Time didn’t define our trip. It shaped it. It enabled it. And so what place does time have in the story and memories we've taken away? Time has every place and no place in memory. Time permits experience. Experience provides memory's basic plot of time. And the story folds over once meaning is found.  

The taxi draws into the airport’s departure gate, stalling as it parks. The driver unloads our carry-ons, packed in more tightly than how they’d arrived.

It all blurs, the check in to security to the hours waiting for the flight. The yoga class that morning seemed as if it had happened years back.


We board, the two of us seated at opposite ends of the last row. That had been my luck on my flight back from Australia. On a positive, it meant we were closer to the bathroom.


Seven months later and Thailand has settled in as another chapter to life’s bounty of experiences. We’ve taken away the memories—stories of bartering down taxis, zip-lining our life down the slopes of Chiang Mai’s rattled ropes. Of curling up on an overnight train and booking a flight from Koi Samui to Bangkok 13 hours before take off.

Our story was of paying that extra $7 for air conditioning in our Ko Phi Phi bungalow, only to awake the following morning to a power outage. Of the time I ran from a dog, thinking it were a bug while in Pai (don’t ask) and subsequently crashing into a tree, scraping my gum on the bark. Caitlan rolled her eyes each time I struck conversation with a taxi driver (who never spoke English), and I can’t count the times I mistook a customer for a waiter.

What place does time have in memory? Time, as a concept, gave us the moments. Time in numbers: one month. Two girls. Ten cities.


One incredible adventure.


And that’s the story. Really, no more than that.

Grand Temple, Bangkok, Thailand

Ko Phi Phi and Koi Samui: A piece of the whole

June 11-13, 2013

There are the moments when words escape. Where all clears and clarity breaks through. The ends tie and-- just for a moment-- the meaning I'm forever in search of surfaces, ushered in by...


Bullets of rain puncture the peace, setting off a current of ripples across the expanse of the water. We've been away for three weeks. I still haven't captured my story.

The drops fall as if in choreograph, slowly letting up as the rain lessens. The tide washes over, the islands in the distance reappear and again, all is calm. 

I turn to walk away, nowhere closer to finding my story—yet vaguely aware it’s not really about the story.

The ferry’s door had been left ajar as we trudged abroad our third mode of transportation: hour six of the day’s total eight-hour trek from Ko Phi Phi to Koi Samui.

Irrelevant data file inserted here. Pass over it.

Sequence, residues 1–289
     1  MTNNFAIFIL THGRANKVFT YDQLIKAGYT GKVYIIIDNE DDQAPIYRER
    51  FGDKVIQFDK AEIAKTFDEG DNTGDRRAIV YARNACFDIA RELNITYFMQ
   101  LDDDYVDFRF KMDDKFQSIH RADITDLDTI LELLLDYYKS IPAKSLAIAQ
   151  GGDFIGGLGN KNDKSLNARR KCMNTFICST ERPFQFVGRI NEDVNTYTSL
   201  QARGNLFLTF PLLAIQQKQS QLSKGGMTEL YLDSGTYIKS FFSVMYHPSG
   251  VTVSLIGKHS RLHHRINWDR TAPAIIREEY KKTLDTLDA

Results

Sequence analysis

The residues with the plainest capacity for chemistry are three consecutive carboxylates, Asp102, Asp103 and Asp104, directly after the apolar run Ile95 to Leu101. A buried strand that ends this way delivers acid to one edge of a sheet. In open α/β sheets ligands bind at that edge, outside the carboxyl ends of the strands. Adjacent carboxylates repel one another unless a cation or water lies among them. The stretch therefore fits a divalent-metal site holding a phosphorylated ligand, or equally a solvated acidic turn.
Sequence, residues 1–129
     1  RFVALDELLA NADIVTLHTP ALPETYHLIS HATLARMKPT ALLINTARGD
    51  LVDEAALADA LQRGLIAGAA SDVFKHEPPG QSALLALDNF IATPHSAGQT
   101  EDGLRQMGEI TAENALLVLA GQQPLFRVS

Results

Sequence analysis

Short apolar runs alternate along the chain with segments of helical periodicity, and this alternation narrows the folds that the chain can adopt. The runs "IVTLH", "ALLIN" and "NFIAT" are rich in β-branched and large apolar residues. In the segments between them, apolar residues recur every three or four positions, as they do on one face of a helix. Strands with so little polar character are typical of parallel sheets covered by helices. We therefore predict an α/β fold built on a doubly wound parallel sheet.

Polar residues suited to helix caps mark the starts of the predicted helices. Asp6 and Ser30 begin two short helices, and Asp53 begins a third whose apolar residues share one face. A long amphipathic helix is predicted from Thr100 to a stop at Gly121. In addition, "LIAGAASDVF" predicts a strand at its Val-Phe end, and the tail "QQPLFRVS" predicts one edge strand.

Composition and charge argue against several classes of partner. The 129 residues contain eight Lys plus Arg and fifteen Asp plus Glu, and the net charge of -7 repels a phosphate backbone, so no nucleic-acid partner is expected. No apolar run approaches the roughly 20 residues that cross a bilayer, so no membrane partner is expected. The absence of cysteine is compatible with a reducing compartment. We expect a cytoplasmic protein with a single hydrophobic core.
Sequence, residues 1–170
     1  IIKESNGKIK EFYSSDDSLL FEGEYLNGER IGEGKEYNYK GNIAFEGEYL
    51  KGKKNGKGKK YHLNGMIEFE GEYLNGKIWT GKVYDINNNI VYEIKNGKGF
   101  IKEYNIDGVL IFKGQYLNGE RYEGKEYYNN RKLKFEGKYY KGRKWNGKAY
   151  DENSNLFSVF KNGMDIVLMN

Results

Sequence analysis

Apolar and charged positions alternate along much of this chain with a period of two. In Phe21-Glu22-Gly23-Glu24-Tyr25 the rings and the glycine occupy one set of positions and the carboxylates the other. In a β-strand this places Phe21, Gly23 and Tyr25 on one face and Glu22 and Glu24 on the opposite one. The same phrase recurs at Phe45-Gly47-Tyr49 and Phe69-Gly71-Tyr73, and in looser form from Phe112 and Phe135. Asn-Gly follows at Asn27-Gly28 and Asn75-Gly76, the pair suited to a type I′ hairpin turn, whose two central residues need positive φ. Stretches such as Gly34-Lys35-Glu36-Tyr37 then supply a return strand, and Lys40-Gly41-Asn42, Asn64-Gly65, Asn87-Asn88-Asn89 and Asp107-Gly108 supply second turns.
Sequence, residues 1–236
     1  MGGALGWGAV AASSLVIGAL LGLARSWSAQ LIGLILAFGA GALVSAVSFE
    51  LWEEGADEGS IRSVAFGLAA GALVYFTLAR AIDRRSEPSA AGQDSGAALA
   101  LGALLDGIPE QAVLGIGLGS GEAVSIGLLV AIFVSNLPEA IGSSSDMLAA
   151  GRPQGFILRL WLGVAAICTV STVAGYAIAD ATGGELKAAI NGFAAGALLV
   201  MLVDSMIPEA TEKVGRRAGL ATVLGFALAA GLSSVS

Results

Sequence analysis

We’d spent two days in Ko Phi Phi, a stunning island run rampant by the white tourists flooding the small space. It’s where I met my monkey-to-be, my macaque prince charming named JoJo who wore a diaper and a shirt. His  owner had let me hold him in exchange for 100 baht ($3).
Prince charming

Ko Phi Phi is on the one end of Thailand—Koi Samui on the other. It’s a four hour ferry ride from Koi Samui to the island of Krabi, a two hour bus ride (themed 70s style with faded pink curtains and worn, neon blue seats) across Krabi.

And finally this ferry, our final, two-hour boat ride.

The Hangover 2 was playing in the ferry's downstairs room. We settled in just as the ferry official walked through, row by row. We watched those seated grab their items, stand up and head out.

“An extra 40 baht to sit inside?” one huffed. I turned to Caitlan. 40 baht? The chutzpah.

You know you’ve been in Thailand for a bit when 40 baht is reason to curl up on the floor of the outdoor deck—which is what we did, grabbing our stuff and following the trail of others in no mood to dish out 40 baht for a cozy seat.

Even if, you know, 40 bhat is just over $1.

The vibe of the south differs sharply to that of the north. Touristy and far more expensive. Water was 28 baht. Anywhere else, 14 baht for a tall bottle was the norm. 

We spent an evening and full day in Koi Samui, letting the afternoon drift away as we laid out on the island’s largest beach. 

We left Koh Samui somewhat on a whim. Our plan that Wednesday had been to leave that Friday. Destination: Bangkok. Transportation: TBD. By Thursday, we crossed off the overnight train ride option, deciding, rather, to book a flight-- which we did, 13 hours before it was due to take off.


It was a few months back-- well before graduation-- and I was at coffee with a friend. He asked me for a story. So I told him about my interview with a Civil War connoisseur.

Cool, my friend had responded. But that’s not your story. Think about it, he challenged.

It’s the challenge the follows today.

I dig my toes in the sand, letting the smoothness of the waves crash over the bareness of my feet. The shrill of the music’s vibrations power the moment. It;s a refreshing contrast to the stillness of the water.

I stop, my gaze fixed ahead as if, for the moment, the world stops spinning and I’m standing, at the center of where I’m supposed to be. There’s an infinite tide of possibilities so far ahead. I can sense that. There’s a story that awaits. The same one I’m living today.